Updates and Information on Coronavirus (COVID-19)
Skip to main content

KNOXVILLE — A two-day symposium focusing on medieval and Renaissance culture will feature free performances and lectures open to the public.

The University of Tennessee’s third annual MARCO (Medieval and Renaissance Curriculum and Outreach Project) Symposium will be held on February 26 and 27. This year’s theme is “Spectacle and Public Performance in the Middle Ages and the Renaissance.”

The University of Tennessee’s third annual MARCO Symposium February 26 and 27.

“It’s a theme that allows us to explore a broad cross-section of topics,” said Dr. Robert Bast, associate professor of history and director of the MARCO project. “Popular culture, public culture and elite culture all come together around these rituals of performance. In the pre-Internet, pre-printing press age, public spectacle played a key role in shaping public opinion.”

A symposium highlight will be the performances of a Toronto acting troupe specializing in medieval and Renaissance drama. Poculi Ludique Societas (“the cup and game society”) has toured Canada, the United States and Europe for the past 30 years with their repertoire of carefully researched productions.

The troupe will present “Antichrist,” a play from the medieval Chester Cycle, and “Old Wive’s Tale,” an Elizabethan folk drama. Bast said both pieces will appeal to modern audiences.

“They resonate with popular culture,” he said. “These plays are such visual pieces. They are flashy and full of vibrancy and life.”

“Antichrist” will be presented at 8 p.m. on Thursday, February 26, and “Old Wive’s Tale” at 8 p.m. on Friday, February 27. Both performances will take place in the James R. Cox Auditorium of the newly renovated Alumni Memorial building.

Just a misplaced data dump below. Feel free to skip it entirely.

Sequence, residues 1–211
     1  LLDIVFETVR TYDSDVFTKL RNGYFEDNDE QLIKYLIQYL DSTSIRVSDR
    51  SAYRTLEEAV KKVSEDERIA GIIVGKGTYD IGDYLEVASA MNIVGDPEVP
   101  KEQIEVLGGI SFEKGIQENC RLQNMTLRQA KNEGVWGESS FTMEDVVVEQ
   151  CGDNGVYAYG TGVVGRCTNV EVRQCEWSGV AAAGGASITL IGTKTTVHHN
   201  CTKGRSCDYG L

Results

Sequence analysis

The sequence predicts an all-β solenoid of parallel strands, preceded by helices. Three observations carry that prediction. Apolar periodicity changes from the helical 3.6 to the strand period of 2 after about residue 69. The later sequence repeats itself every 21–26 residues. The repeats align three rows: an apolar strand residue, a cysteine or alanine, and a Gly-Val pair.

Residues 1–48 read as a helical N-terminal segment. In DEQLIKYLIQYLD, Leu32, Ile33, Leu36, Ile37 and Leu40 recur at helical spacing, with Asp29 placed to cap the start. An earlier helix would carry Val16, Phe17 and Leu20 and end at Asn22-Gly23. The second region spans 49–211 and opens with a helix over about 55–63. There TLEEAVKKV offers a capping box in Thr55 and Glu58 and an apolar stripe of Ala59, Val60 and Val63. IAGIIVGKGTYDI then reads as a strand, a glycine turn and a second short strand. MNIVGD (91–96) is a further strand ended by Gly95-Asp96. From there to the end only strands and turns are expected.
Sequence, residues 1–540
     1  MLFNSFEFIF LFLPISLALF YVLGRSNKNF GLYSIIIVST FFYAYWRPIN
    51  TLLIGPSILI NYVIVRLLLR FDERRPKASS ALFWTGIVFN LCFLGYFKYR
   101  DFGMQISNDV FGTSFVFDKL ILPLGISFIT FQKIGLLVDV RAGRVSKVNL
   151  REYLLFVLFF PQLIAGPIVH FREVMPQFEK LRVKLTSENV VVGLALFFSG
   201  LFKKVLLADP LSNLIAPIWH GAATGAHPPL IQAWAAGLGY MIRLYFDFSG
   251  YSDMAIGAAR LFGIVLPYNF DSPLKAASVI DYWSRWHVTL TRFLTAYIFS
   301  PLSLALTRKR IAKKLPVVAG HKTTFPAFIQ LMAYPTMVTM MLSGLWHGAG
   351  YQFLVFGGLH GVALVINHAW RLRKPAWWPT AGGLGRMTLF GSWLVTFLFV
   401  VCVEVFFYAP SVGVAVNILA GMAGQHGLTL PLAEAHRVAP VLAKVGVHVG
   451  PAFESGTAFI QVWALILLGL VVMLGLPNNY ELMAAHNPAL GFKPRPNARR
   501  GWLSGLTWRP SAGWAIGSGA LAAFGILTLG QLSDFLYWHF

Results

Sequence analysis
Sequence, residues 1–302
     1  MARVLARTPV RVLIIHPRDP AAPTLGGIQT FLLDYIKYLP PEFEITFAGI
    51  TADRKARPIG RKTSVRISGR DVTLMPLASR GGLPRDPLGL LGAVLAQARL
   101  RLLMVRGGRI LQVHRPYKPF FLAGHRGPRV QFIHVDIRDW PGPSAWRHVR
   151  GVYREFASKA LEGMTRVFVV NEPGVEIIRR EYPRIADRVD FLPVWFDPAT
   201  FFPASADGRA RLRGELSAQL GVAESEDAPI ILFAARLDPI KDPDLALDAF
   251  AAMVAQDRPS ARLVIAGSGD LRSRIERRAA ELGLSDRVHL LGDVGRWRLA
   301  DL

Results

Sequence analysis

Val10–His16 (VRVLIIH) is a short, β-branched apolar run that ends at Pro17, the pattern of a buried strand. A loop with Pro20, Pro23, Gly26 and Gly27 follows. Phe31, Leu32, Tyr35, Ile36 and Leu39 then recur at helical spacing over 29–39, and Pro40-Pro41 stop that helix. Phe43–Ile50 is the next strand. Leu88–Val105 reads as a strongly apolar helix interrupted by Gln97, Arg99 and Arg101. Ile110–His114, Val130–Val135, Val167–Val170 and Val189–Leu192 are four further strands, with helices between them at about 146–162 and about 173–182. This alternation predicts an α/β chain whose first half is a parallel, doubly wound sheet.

A roster of six distinguished professors from universities across the U.S. and Canada will make presentations on a variety of topics, including “Performing the Middle Ages: What Do We Think We’re Doing?” and “Mapping King Lear’s Britain.” A complete schedule of symposium events can be found at http://web.utk.edu/~marco/.

MARCO, created in 2001, draws together scholars from a wide range of university departments including history, English, art history, modern foreign languages, classics, music, religious studies and political science. The project creates and implements a variety of collaborative interdisciplinary programs and projects for students, faculty members, local schools and the international scholarly community.

A recent $3 million challenge grant from the National Endowment for the Humanities will build on MARCO’s success to create a permanent interdisciplinary MARCO Institute for Medieval and Renaissance studies at the University of Tennessee.

“It will be the largest and most ambitious such institute in the Southeast,” Bast said. “The combined resources of 30 faculty members in eight different departments and a superb library collection will allow us to strengthen our graduate program and undergraduate course offerings, to provide continuing education for local high school and middle school teachers, and to continue to bring high profile scholars and performance groups to the UT campus.”